Lasagne of Wild Mushroom Ragu with Pecorino and Porcini sauce

Lasagne of Wild Mushroom Ragu with Pecorino & Porcini sauceThis is a gorgeously indulgent dish, full of rich earthy flavours and textures. For the best result, the ragu should be made with a mixture of wild mushrooms, such as Ceps, oyster mushrooms and Enoki), however these can be expensive and/or hard to get hold of depending on the season. A mixture of chestnut and large flat mushrooms would work well as an alternative, I wouldn’t bother with those polystyrene globules sold variously as ‘white mushrooms’ or ‘closed cup mushrooms’ as they have next to no flavour. You’ll still get a good depth of mushroomyness with the more commonly available varieties, as the dried porcini added to both ragu and sauce pack quite a punch, and they’re readily available in supermarkets; in fact I always have them in the storecupboard, ready to pep up any stew, risotto or soup which needs extra oomph.

Random foodie know-how: The white sauce in Lasagne is traditionally a béchamel sauce, but the Pecorino & Porcini sauce in this recipe is technically a velouté. The difference? Although both sauces begin with a classic roux (butter and flour gently heated together to make a thickening paste into which a hot liquid is then stirred), a velouté is made with stock – in this case the liquid from steeping the dried mushrooms – whereas a Béchamel is made with milk.

Lasagne of Wild Mushroom Ragu with Pecorino & Porcini sauce
Serves 6

Lasagne of Wild Mushroom Ragu with Pecorino & Porcini sauce

250g fresh egg lasagne sheets (or equivalent of dried, cooked according to packet instructions)

For the ragu:
3 tbsp olive oil
large knob of butter
1 onion, diced
2 carrots, peeled and finely grated
1 celery stick, finely grated
1 tsp coriander seeds, crushed
1 tsp fennel seeds, crushed
3 garlic cloves, crushed
1/2 tbsp dried oregano
pinch of crushed red chilli
2 tbsp tomato puree
1kg mushrooms, sliced
25g dried porcini mushrooms
250ml white wine (I recommend a Chardonnay or similar, nothing too tart)
125ml Marsala
1 x 390g carton chopped tomatoes
1 bay leaf

For the Pecorino-Porcini sauce:
15g unsalted butter
15g plain flour
100g Pecorino, grated
300ml sour cream
25g dried Porcini mushrooms
Nutmeg or ground mace, to taste

Start by rehydrating the porcini mushrooms (for both ragu and sauce) by pouring over a generous amount of freshly boiled water. Leave to soften and plump up.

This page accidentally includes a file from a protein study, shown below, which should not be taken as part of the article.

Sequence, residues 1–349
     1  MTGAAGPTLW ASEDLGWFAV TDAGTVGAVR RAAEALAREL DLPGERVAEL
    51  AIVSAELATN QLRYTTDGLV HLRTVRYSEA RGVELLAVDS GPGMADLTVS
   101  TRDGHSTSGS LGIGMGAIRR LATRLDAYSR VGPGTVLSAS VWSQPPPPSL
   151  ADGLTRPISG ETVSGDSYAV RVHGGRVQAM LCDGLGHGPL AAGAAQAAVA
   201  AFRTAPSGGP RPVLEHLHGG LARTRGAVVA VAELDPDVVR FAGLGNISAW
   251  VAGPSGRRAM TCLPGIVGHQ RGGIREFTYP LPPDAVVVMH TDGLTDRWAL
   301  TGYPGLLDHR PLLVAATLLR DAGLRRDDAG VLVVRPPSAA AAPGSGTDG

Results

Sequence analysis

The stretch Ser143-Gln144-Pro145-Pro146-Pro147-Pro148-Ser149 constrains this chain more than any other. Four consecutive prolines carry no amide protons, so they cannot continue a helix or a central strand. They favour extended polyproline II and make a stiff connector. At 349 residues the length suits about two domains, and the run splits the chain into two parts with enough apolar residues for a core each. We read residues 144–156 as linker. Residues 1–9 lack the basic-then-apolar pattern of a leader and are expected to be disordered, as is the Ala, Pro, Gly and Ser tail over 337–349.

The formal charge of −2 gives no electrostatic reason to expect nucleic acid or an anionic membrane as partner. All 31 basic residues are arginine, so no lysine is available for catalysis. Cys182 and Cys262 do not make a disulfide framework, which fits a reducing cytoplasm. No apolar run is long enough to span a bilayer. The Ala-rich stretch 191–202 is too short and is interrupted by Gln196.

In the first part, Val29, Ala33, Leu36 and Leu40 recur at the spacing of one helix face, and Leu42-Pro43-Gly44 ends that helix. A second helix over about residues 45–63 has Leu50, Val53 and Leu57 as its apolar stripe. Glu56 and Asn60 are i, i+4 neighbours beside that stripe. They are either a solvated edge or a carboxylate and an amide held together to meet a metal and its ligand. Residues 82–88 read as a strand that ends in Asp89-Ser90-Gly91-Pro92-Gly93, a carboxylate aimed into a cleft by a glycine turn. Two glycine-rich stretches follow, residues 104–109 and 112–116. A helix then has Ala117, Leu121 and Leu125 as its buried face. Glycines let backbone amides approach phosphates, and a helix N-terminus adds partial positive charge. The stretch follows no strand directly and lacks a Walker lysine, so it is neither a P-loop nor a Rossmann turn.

Get a large saucepan or casserole dish nice and hot, then add the olive oil and butter and allow to melt. Sweat the onion, carrot, and celery gently until softened, then add the herbs, garlic, chilli and tomato puree and fry gently for a minute or two until starting to smell aromatic.

Drain the rehydrated porcini (reserve the liquid), and finely chop. Add the fresh mushrooms and half the chopped porcini to the saucepan (reserve the rest for the other sauce), and allow to sweat gently for a couple of minutes. Add the wines and tomatoes, season generously with salt and pepper, bring to a boil then turn down to a gentle simmer for 45 minutes.

In the meantime, make the Pecorino & Porcini sauce: melt the butter in a small saucepan, add the flour and cook gently for 5 minutes, stirring continuously, until golden. Add 200ml of the drained porcini liquid, drop by drop whilst whisking continuously, to make a smooth sauce. Add the chopped porcini, and simmer gently until starting to thicken. Stir in the grated pecorino and allow to melt, before adding the sour cream. Taste and season with salt, pepper and ground mace or nutmeg. Blitz briefly with a stick blender until smooth.

Once both sauces are ready, preheat the oven to 200C/fan180/Gas 6, and layer up the lasagne in a large dish. Start with a third of the ragu in the base, then the pasta sheets and half the Pecorino-Porcini sauce. Continue with another third of the ragu and more pasta sheets. Finish with a final layer of ragu, pasta sheets and the last of the sauce. Bake in the oven for 25-30 minutes until bronzed and bubbling.

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14 thoughts on “Lasagne of Wild Mushroom Ragu with Pecorino and Porcini sauce

  1. This sounds like it must have a great deep mushroomy flavour – sound lovely. Dried mushrooms are definitely a great storecupboard item to have on hand. I often use them as a standby to make a risotto if I’m running out fresh ingredients.

  2. Ha I was just reading your Porcini Lasagne when I got your comment! I made a Lasagne Bolognese last night – all lasagasnes are rich but lovely. Like the creamy earthiness of porcini, perfect for vegetarians and non-vegetarians alike

  3. Wow. This looks so packed with a flavour punch that nobody in our house would notice there was no meat in it. Love the addition of the spices in there with the mushrooms and the sauce sounds lovely with sour cream and a salty touch with the pecorino. I would opt for fresh lasagne for such a sophisticated dish. Knock-out!

  4. Thanks everyone for the lovely comments, it really was a very delicious and satisfying dish! Everyone I’ve fed it to is a hard-core meat-eater, but noone has ever noticed or cared about the lack of meat, it’s so full of flavour and texture you really don’t need it!

  5. Hi, Lasagne is one of my favourite dinners and this looks delicious. White sauce is one of my the 6 mixes I use for all my cooking so am always on the lookout for new ways to use it
    x

  6. This recipe looks amazing…Have been trying lots of different kinds of vegetarian lasagne recently and this one looks brill! Love mushrooms, so going to give this very special recipe a go in the coming weekend. Thanks for sharing.

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